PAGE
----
The composition was applied by a rotary applicator to a rough-surfaced zinc plate and dried. With a positive film placed on the photosensitive coating in intimate contact therewith, the plate was set in a vacuum printer equipped with a fluorescent lamp and exposed to the light for 2 minutes. The plate was developed with 1.0% aqueous sodium hydroxide solution to remove the exposed area and form thereon a positive resist image having high acid resistance. When etched by the powderless method, the plate was usable as a photomechanical relief.
An organic coating layer of alcohol-soluble polyamide containing a red organic dye was formed to a dry thickness of 20μ on a biaxially oriented polyethylene terephthalate film. The photosensitive composition of Example 3 was applied to a dry thickness of 3μ to the polyamide layer to form a photosensitive photoresist layer. The photosensitive sheet thus obtained was exposed to light through a negative film for 50 seconds with a 3-KW superhigh-pressure mercury lamp 1.5 m away from the sheet, then developed with a 5% aqueous solution of sodium metasilicate for 2 minutes and thereafter rinsed with water.
Subsequently the developed sheet was lightly rubbed with absorbent cotton impregnated with a mixture of sodium toluenesulfonate, alcohol and water, whereby the polyamide layer was completely removed from the polyester film over the exposed image area of the photoresist layer. The resulting image-forming sheet was usable as a master for a photomechanical plate.
The same co-condensated novolak resin (24 parts by weight) as prepared in Preparation Example A was reacted with 16 parts by weight of 1,2-naphthoquinonediazido(2)-5-sulfonylchloride in the same manner as in Preparation Example B to obtain a photosensitive resin. The resin (2 parts by weight) and 2 parts by weight of m-cresol novolak resin were dissolved in 40 parts by weight of a mixture of methyl ethyl ketone and methyl cellosolve acetate (2:1) to prepare a photosensitive composition.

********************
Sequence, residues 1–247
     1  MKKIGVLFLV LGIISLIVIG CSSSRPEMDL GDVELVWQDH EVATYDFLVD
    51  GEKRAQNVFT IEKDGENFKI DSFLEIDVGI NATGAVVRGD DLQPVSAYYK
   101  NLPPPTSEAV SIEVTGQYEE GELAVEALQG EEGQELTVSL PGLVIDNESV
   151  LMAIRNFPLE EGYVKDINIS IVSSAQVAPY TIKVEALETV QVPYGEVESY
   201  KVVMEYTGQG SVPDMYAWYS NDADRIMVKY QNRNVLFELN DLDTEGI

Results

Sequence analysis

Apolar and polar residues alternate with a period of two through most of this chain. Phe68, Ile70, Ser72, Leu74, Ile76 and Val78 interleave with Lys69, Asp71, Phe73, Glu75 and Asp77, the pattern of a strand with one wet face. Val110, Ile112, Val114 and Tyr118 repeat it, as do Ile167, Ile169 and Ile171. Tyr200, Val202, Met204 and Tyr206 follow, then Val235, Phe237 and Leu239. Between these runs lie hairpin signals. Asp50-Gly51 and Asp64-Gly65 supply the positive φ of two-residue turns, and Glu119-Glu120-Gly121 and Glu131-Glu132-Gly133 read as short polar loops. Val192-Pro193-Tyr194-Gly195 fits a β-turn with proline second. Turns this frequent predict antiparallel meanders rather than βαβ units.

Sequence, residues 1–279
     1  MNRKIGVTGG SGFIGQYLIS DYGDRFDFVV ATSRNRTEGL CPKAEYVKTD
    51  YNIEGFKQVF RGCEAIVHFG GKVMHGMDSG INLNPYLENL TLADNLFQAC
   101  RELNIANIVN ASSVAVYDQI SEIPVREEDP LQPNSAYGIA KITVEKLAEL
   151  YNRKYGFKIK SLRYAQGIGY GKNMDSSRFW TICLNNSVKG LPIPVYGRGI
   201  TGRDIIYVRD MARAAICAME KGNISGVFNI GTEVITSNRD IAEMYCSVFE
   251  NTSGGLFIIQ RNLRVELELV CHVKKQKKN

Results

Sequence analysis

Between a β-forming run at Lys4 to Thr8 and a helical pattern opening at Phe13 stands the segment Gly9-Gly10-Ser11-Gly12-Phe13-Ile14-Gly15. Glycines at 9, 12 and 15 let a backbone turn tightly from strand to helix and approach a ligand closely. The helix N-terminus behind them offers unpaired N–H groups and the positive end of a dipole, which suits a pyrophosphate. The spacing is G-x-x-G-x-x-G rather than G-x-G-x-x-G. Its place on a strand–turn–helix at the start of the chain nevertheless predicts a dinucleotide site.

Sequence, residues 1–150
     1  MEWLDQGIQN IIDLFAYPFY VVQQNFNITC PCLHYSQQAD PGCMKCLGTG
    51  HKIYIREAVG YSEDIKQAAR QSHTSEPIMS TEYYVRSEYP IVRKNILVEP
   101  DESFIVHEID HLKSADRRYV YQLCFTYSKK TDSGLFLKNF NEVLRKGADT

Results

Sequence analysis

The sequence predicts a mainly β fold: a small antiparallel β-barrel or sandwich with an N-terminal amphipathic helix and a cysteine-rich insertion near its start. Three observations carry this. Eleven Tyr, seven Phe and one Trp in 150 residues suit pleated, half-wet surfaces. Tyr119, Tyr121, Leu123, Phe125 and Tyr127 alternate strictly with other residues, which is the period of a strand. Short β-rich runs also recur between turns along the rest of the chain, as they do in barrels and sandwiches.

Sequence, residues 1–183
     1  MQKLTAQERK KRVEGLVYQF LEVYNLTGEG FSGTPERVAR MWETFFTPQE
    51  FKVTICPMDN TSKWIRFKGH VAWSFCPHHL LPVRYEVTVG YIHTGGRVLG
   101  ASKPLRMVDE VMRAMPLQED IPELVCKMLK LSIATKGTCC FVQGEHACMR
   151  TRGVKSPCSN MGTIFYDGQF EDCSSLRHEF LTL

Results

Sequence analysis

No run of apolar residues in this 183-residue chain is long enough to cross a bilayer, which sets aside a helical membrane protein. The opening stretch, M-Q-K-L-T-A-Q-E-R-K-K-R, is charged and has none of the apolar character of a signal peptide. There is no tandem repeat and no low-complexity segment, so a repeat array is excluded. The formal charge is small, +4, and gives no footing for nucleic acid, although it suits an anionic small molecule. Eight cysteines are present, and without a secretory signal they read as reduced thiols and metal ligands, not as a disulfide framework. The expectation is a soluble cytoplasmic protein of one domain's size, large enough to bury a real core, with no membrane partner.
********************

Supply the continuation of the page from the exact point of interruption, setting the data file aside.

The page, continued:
Subsequently the same procedure as in Example 3 was conducted, affording satisfactory prints.
In the same manner as in Preparation Example A, 2.0 moles of phenol, 0.3 mole of m-cresol, 2.3 moles of p-tert-butylphenol and 3.0 moles of formaldehyde were subjected to reaction to obtain a co-condensated novolak resin. A photosensitive resin was prepared in the same manner as in Preparation Example B with use of the resin. The procedure of Example 3 was repeated with use of the resin, whereby good prints were obtained.
The following photosensitive composition prepared with use of the same co-condensated novolak resin as obtained in Preparation Example A was filtered and then applied by a whirler to aluminum plates rough-surfaced by sand blasting.
Condensation product of alkali-soluble phenol novolak resin and 1,2-naphthoquinonediazido (2)-5-sulfonylchloride: 5 g
The co-condensated novolak resin: 10 g
Solvent (70 vol. % of methyl ethyl ketone and 30 vol. % of methyl cellosolve): 100 g
The coated plates were dried in an air dryer at 80° C. to form a 2μ thick photosensitive coating on the plates. When stored in a dark cool place for several months and thereafter used, the plate exhibited satisfactory properties. Another one of the plates was exposed to light for 2 minutes by a superhigh-pressure mercury lamp at a distance of 1.5 m with a negative film placed on the coating, and immersed in a 5% solution of sodium tertiary phosphate (at 30° C.) for development. The plate was completely developed in about 1 minute.
When another exposed plate was immersed in the developing solution for 5 more minutes, the unexposed area remained intact without dissolving and was found to be highly resistant to the alkali solution. For comparison, the same procedure as above was repeated except that a phenol novolak resin was used in place of the co-condensated novolak resin. The plate was completely developed in about 1 minute. When the plate was continuously immersed in the developing solution for one more minute, the unexposed area started to dissolve.